Pips: Really? Pips? That's fine for a 6 sided dice, or maybe as many as 10, but as a numbering system pips are just the worst. I mean what are you going to do when you're trying to represent the square root of 8649, throw a bunch of dots on a piece of paper? I don't think so. And don't think that you can solve the problems with place settings like we do with Arabic numerals. The closes solution I can think of is to do things like they do in grade school with a connected grouping of 10 in a row for 10s and a block of 100 for hundreds, but that doesn't solve the problem of eating up more space, just makes them faster to count. No, pips are the worst.

I propose something a bit more radical.
Intergalactic Numerals: What you see is my contribution to the question of what to do if you make first contact. See, the problem of communicating with an alien life form is that you need a communication system that is visually clear, assuming they have some ability to discern your primitive scratching on their containment wall, but that's a whole other problem. Still, a visually clear works easily enough for nouns, but verbs and numbers are abstract and a little more tricky. I'm still working on verbs, but I have a solution for the numbers, and that solution is before you.

Look at it? Do I even need to explain it? Each shape has a number of corners and sides equal to it's value. Period. Brilliant, right? You can see I've solve the questions of 1 and 2, which are tricky, but what about for really big numbers that become indistinguishable from circles? What about zero? I've got that covered. I don't want to go too much into it. Suffice it to say the numbers cut off at 8 or maybe 10 and are then nested inside each other for the places, insuring the shapes never get too complex.

I've got a rather long discussion about this inside me involving bases and conversions, but suffice it to say that in my head this is the superior number system and should be adopted by everyone immediately and anyone who argues is a fool.

Roman Numerals: What's that you say? My intergalactic numbers are too radical for you? You'd rather just stick with what you know? Fine. Here, have a numbering system that is so convoluted up it's own principals that we keep it around only for when we want to seem fancy, because nothing says regal like something nobody can understand. Roman numerals are the numerical equivalent of the emperor's new clothes, except no one is willing to point out the kings dangling exposure, even after all these thousands of years of it's use. That should make you Neo-Luddites happy.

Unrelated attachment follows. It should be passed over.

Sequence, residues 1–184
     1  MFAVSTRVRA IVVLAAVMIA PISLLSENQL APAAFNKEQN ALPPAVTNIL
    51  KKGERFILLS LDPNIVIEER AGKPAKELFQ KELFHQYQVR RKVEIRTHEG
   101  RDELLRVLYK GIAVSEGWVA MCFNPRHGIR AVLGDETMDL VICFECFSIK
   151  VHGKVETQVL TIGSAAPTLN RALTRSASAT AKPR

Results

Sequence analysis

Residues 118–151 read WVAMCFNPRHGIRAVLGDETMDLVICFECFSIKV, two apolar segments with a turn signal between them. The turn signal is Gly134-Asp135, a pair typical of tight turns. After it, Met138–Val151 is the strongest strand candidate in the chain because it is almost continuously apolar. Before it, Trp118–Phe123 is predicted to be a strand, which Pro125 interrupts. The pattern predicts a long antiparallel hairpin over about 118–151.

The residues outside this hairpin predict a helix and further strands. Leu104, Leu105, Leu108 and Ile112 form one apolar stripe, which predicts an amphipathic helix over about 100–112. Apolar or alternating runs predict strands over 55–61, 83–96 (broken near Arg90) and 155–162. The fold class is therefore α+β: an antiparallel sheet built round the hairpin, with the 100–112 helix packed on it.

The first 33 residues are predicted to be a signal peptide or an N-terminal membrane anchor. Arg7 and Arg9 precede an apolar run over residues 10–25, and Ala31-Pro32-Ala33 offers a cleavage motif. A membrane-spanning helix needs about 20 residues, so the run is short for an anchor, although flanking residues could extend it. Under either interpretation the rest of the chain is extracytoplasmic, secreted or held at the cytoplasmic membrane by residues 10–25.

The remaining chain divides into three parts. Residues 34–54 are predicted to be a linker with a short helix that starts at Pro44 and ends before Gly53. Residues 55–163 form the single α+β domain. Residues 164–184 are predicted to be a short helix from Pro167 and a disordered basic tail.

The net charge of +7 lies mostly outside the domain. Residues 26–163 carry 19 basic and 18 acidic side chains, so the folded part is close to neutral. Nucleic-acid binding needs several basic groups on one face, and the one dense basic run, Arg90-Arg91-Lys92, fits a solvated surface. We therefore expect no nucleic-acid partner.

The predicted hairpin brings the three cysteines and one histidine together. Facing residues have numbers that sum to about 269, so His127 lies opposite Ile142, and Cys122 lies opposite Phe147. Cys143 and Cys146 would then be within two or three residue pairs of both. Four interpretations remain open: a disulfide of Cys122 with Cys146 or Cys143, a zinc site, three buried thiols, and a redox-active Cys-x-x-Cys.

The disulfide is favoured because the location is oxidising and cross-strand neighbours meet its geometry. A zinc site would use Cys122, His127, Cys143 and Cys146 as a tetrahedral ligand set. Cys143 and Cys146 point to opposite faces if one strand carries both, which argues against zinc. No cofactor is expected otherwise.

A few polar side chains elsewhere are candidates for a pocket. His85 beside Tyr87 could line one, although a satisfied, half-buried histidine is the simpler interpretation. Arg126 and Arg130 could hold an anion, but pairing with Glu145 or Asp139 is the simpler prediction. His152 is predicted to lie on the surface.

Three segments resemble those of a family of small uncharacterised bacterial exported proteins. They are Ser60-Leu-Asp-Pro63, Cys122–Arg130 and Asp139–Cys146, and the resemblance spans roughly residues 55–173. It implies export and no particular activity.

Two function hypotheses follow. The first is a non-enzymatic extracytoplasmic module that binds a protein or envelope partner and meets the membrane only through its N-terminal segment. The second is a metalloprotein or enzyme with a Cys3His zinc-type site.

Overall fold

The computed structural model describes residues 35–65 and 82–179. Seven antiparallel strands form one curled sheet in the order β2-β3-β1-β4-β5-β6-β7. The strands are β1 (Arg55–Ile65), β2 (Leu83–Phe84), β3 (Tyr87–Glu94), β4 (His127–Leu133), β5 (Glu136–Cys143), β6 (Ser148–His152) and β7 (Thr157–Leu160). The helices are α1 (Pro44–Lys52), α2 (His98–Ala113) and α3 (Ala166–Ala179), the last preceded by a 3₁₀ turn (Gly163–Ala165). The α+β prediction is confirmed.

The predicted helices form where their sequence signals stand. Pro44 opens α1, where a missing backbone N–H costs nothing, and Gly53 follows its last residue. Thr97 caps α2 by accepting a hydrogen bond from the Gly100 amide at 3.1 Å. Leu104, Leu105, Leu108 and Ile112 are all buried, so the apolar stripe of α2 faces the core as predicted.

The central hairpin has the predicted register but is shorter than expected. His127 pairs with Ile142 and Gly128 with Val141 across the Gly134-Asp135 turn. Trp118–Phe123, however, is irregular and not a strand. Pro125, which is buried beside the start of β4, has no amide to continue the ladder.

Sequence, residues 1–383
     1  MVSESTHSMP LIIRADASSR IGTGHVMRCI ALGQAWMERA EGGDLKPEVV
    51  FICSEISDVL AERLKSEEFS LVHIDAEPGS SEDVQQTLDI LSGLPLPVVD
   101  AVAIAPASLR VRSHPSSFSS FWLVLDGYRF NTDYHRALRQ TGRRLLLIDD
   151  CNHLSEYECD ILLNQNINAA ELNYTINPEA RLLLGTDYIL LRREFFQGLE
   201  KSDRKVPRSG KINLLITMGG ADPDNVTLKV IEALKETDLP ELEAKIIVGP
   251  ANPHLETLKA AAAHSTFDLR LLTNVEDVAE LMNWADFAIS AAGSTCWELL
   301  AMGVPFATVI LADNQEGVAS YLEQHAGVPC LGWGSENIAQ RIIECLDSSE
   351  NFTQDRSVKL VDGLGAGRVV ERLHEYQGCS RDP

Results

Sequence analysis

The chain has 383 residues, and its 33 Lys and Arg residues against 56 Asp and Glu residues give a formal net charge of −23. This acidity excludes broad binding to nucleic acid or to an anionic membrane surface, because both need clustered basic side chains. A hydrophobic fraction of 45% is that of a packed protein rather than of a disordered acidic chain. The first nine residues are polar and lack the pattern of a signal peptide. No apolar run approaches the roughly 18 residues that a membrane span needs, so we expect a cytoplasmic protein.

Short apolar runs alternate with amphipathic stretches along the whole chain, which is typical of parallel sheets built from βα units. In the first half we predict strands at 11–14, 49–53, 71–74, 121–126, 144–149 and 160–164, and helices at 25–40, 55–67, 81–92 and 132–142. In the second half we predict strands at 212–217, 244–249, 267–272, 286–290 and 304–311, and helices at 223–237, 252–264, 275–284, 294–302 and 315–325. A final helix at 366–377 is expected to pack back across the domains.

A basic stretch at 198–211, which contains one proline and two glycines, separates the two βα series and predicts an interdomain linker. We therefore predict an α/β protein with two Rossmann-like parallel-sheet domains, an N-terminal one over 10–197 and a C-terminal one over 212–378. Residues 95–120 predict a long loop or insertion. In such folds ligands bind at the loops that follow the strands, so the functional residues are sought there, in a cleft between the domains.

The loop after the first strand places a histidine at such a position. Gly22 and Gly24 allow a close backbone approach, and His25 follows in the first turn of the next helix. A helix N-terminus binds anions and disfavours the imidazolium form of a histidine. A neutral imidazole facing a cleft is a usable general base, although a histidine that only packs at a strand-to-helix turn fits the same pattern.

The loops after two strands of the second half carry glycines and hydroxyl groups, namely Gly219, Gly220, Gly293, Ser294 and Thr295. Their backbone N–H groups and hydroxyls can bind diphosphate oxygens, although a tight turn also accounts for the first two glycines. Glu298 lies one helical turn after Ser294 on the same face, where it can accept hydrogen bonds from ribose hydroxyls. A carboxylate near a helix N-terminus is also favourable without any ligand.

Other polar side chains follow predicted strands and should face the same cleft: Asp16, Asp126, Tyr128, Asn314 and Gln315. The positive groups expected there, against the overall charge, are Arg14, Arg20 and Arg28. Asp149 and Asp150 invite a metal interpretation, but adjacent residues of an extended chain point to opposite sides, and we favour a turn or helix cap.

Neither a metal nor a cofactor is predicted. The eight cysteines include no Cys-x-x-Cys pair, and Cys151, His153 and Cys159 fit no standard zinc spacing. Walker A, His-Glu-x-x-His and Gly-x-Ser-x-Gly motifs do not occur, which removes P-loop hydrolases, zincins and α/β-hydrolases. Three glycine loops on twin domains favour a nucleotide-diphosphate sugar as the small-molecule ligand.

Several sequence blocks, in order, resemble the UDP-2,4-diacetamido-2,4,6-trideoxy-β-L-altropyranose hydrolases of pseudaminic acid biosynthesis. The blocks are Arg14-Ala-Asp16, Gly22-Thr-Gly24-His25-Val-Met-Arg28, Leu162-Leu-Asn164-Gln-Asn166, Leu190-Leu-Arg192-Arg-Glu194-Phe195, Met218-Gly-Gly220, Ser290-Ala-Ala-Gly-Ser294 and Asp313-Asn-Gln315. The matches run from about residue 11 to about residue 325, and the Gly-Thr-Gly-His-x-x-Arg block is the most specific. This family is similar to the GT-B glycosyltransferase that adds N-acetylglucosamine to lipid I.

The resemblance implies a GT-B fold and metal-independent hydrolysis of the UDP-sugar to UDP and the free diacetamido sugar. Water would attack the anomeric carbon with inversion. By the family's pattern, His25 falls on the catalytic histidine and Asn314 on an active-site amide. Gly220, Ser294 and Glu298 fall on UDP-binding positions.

In truth I love Roman Numerals, but it was that indignant "Neo-Luddite" phrase that made me think of steampunk and thus motivated the gears body. See, got there in the end.

The Combinatorics

So with 6 body types and 4 number types there are 24 possible dice combinations. And if I keep doing the with/without supports versions of the files there will be 48 different STLs, which is just madness so the new files all come with supports, you can remove them if you absolutely have to.

In addition, these dice can easily be modified to earth bound versions by simply removing the holes in the corners for the magnets, creating another 24 different possible dice. That's a total of 48 dice that I've created with this project.

The problem


Making these dice has been a long enough process as is. I've had to:
  1. Model and test the prototypes,
  2. I had to model the parts that will be a part of the combinations,
  3. Boolean all the combinations together and export them one-by-one, 
  4. Check one-by-one to make sure they don't have any manifold problems, 
  5. Fix the manifold problems, 
  6. Make sure they print, 
  7. Discovering that I had messed up the supports and they wouldn't print, 
  8. Fixing the supports for each one of them one-by-one, 
  9. Check again for manifold problems,
  10. Test print a few of them,
  11. Upload them online,
  12. Consider editing the lime guy meme for a silly picture to make a joke for this section.
None of this is too unusual for any given project I'm working on, but this got multiplied by up to 48 in some cases. These are simple, silly little 3D models, it's true, but taken as a whole the project is painfully involved. For the moment I'm burnt out. 

So if it takes me a little while to get all these distributed, I apologize in advance. And if you're reading this because I linked to it when I uploaded them to explain the combinations, then thank goodness, I survived the dicepocolipse. These dice are now in your hands. I pray you use them well.

I've managed to get them out now. Check out my write-up on that.